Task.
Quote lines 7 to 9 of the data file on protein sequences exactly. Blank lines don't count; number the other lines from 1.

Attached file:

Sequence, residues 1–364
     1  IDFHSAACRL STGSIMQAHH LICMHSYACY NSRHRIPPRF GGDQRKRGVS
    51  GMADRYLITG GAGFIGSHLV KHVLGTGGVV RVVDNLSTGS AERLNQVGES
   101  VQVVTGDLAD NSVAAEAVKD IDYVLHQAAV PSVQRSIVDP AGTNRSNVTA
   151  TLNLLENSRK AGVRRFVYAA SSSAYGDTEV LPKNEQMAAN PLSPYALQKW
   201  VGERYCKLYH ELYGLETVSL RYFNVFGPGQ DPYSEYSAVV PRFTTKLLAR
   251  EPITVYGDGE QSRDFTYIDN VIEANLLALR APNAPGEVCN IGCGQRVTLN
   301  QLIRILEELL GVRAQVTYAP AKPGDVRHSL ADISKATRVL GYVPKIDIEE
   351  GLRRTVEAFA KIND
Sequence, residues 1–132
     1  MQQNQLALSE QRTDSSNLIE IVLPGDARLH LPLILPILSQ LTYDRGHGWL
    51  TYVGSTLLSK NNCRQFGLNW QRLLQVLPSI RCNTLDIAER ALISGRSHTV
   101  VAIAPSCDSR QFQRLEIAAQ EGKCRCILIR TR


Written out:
   251  EPITVYGDGE QSRDFTYIDN VIEANLLALR APNAPGEVCN IGCGQRVTLN
   301  QLIRILEELL GVRAQVTYAP AKPGDVRHSL ADISKATRVL GYVPKIDIEE
   351  GLRRTVEAFA KIND